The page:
A wise man once said that if you go out for a hike, you become part of the trail; but if you thru-hike, the trail becomes a part of you. Or at least the man who said it likes to think of himself as wise. Once you’re as old as my dad, people just start referring to you as a wise man; when you’re still as young as I am, they just refer to you as a wise guy (the frequent exercise of my old man’s wit has, however, kept him spry and youthful in this particular regard).
Today brought many milestones. Again, I’ll point you to Wired’s account of the day for a more complete picture of the day’s momentous events. As her loyal readers are aware, she is much more of a diligent blogger who has the discipline to post daily (I’m more of a dilettante blogger, who likes to take an evening to read fiction now and again).
Today we crossed the 1,000 mile mark. We also left Virginia (the longest state along the trail, making up almost a quarter of its length), and Cartwheel kept up her rotating regimen. All this occurred on an up and down section of the trail known as the roller coaster (note the picture of everyone throwing their hands up in the air on one of the fast down hill sections). For more play acting pictures by the kids, see the same day’s post by Wired.
We all had nice views from Bear’s Den rocks, saw a blue tailed lizard (not our first), and had pizza and Ben & Jerry’s at the Bears Den Hostel, and then headed on to a thousand miles and West Virginia. Wired even joined us in our border crossing thank-you circle ritual where we all sit in a circle and each person passes out a piece of candy (or on this hot day, an orange slice) to each other person as they say one thing that person made them thankful for during the state from which we are departing. It was quite touching to hear the kids’ kind words for Wired.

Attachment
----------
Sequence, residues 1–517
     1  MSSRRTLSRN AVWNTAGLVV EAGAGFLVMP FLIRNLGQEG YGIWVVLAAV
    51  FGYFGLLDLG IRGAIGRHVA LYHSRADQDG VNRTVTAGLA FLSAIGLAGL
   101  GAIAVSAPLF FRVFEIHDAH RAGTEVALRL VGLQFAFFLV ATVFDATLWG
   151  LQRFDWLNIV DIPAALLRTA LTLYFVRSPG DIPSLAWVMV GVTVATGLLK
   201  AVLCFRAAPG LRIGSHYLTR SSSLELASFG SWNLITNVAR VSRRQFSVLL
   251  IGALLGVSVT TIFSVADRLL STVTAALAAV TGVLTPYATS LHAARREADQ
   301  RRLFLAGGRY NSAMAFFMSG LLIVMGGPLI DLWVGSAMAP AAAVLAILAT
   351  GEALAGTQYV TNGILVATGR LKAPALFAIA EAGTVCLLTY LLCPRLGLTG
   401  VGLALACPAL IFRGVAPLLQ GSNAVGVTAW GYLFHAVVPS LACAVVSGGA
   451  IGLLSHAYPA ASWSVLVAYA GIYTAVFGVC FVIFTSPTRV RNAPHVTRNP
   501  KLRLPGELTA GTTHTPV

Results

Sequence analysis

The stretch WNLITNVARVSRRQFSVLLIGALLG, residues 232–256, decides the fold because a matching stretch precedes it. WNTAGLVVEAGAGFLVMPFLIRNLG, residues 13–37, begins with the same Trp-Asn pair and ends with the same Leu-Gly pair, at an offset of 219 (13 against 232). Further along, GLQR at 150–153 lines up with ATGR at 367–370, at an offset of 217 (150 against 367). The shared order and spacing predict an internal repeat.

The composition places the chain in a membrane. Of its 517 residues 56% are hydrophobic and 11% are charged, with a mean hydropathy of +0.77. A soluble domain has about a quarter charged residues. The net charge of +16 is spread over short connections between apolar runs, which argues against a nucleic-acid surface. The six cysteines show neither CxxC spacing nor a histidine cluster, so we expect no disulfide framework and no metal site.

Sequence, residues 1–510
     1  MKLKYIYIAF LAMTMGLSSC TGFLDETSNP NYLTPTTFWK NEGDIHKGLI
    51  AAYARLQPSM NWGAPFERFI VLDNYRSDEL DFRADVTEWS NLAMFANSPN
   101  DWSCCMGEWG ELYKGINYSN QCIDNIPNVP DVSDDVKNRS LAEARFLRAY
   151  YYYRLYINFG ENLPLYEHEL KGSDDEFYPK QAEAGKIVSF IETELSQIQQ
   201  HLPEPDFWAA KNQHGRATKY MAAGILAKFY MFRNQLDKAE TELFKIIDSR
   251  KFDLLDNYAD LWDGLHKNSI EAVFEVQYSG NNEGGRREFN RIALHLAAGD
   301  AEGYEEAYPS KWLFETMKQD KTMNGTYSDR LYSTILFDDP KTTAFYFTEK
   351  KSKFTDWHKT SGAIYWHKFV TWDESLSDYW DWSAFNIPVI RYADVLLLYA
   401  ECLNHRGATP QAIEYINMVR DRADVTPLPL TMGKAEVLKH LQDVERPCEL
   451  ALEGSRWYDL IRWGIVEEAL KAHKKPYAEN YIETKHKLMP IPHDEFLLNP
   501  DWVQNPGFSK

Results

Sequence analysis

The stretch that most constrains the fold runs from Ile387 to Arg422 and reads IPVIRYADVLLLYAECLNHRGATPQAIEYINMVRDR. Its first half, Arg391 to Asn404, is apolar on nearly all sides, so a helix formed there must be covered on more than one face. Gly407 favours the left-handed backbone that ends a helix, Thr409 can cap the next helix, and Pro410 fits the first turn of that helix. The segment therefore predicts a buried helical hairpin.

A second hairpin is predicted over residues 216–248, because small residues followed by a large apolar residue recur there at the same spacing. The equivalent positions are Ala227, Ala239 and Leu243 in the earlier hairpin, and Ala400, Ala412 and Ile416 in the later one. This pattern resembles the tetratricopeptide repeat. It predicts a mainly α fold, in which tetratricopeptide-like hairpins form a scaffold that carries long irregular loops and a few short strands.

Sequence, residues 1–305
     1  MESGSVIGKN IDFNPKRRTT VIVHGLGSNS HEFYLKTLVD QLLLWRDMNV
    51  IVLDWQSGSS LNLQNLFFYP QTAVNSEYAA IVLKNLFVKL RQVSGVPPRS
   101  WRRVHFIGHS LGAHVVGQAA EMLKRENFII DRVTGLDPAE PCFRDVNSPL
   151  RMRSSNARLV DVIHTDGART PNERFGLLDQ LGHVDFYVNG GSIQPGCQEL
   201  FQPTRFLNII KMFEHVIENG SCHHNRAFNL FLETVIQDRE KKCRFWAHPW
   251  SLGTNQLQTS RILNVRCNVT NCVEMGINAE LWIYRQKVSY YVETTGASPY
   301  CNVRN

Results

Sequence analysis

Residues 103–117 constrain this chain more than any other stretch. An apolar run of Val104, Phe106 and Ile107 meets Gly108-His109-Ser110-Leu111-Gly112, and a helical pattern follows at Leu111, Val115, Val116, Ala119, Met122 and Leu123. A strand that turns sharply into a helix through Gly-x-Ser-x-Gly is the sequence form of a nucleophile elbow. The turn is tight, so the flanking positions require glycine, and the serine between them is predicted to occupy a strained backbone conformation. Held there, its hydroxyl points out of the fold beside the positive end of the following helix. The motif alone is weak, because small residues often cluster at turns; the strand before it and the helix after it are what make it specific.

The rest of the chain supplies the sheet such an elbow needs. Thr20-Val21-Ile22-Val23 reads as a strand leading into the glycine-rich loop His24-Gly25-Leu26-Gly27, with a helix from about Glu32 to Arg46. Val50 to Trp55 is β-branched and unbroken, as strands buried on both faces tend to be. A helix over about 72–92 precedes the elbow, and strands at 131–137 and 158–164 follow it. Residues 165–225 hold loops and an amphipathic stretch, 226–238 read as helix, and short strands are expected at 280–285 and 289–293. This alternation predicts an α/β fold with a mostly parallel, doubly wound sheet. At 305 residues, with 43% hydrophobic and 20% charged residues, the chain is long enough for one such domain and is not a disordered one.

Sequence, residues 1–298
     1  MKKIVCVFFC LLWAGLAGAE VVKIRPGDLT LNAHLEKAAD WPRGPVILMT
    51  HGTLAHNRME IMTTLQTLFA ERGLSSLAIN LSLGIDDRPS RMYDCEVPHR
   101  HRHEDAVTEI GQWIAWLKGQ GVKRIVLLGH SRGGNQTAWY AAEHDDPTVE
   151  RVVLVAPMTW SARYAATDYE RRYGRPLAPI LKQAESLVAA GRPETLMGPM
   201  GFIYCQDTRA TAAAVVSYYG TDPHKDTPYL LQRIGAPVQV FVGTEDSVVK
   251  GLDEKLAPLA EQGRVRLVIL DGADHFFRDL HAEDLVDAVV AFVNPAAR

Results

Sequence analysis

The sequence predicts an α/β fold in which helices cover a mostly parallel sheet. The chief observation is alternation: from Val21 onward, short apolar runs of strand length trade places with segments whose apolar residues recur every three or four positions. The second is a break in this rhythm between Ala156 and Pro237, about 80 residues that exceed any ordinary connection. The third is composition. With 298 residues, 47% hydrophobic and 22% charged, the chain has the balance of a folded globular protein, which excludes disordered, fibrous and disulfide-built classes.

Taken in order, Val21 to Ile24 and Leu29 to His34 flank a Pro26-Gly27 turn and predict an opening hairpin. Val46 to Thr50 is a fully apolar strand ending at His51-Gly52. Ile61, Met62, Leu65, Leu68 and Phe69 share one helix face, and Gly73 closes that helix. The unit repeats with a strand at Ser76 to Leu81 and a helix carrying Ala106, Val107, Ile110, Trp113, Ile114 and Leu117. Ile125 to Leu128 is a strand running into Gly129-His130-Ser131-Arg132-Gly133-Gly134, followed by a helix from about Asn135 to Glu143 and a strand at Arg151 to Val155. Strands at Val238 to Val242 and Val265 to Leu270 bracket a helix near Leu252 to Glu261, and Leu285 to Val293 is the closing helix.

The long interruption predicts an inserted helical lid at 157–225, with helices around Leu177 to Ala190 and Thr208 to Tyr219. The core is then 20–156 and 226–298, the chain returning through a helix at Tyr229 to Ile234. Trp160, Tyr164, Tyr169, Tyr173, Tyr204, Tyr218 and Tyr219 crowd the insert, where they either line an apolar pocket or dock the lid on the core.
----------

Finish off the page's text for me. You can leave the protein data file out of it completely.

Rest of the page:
It has been a real pleasure walking with Wired for the week. While we won’t be able to keep up with her as she picks up the pace again, she has been a great hiking companion. The kids now treat her as an honorary member of the family in a way that can only be achieve in such a short time when you’re out in the woods together (which has a way of accelerating the formation of relations). Unfortunately for Wired, once she achieved honorary family status, she fell into the black hole predicted by my special theory of relativity (these experimental results suggest that perhaps ‘c’ should be based on whether the hiker in front of them has demonstrated unconditional love for them rather than being tied directly to genetic relatedness–I may need to revise my formula). We were doing a short day, and Wired had planned to hike with us for that short day, then leave us around noon to do that many miles again in the afternoon. Because of all our tomfoolery, it was closer to 3:30 by the time we parted ways.
We stayed the night with Scott and Marie Wheaton and their kids Lydia (who is Maddy’s age), Jonathan, and Caleb. The Wheatons are another trail family: Scott thru-hiked in the late nineties, then he and Marie went thru again nine years ago, then they managed a couple trail hostels for several years until their third kid came along. They too have had the trail weave its way into their souls (or soles in the words of the wise guy). We met them in the Shenandoahs this year and they graciously welcomed us into their home (which backs up to the trail) as well as into their hearts (which are similarly tied to the trail). We were blessed to share a special dinner with them, then Cartwheel slept in Lydia (Hikelit)’s room, while RobinHood slept on the top bunk in the boys’ room (with Mooch and Hurricabe).
In the morning, we all had breakfast together and they walked us a mile down the trail before cutting back toward their house.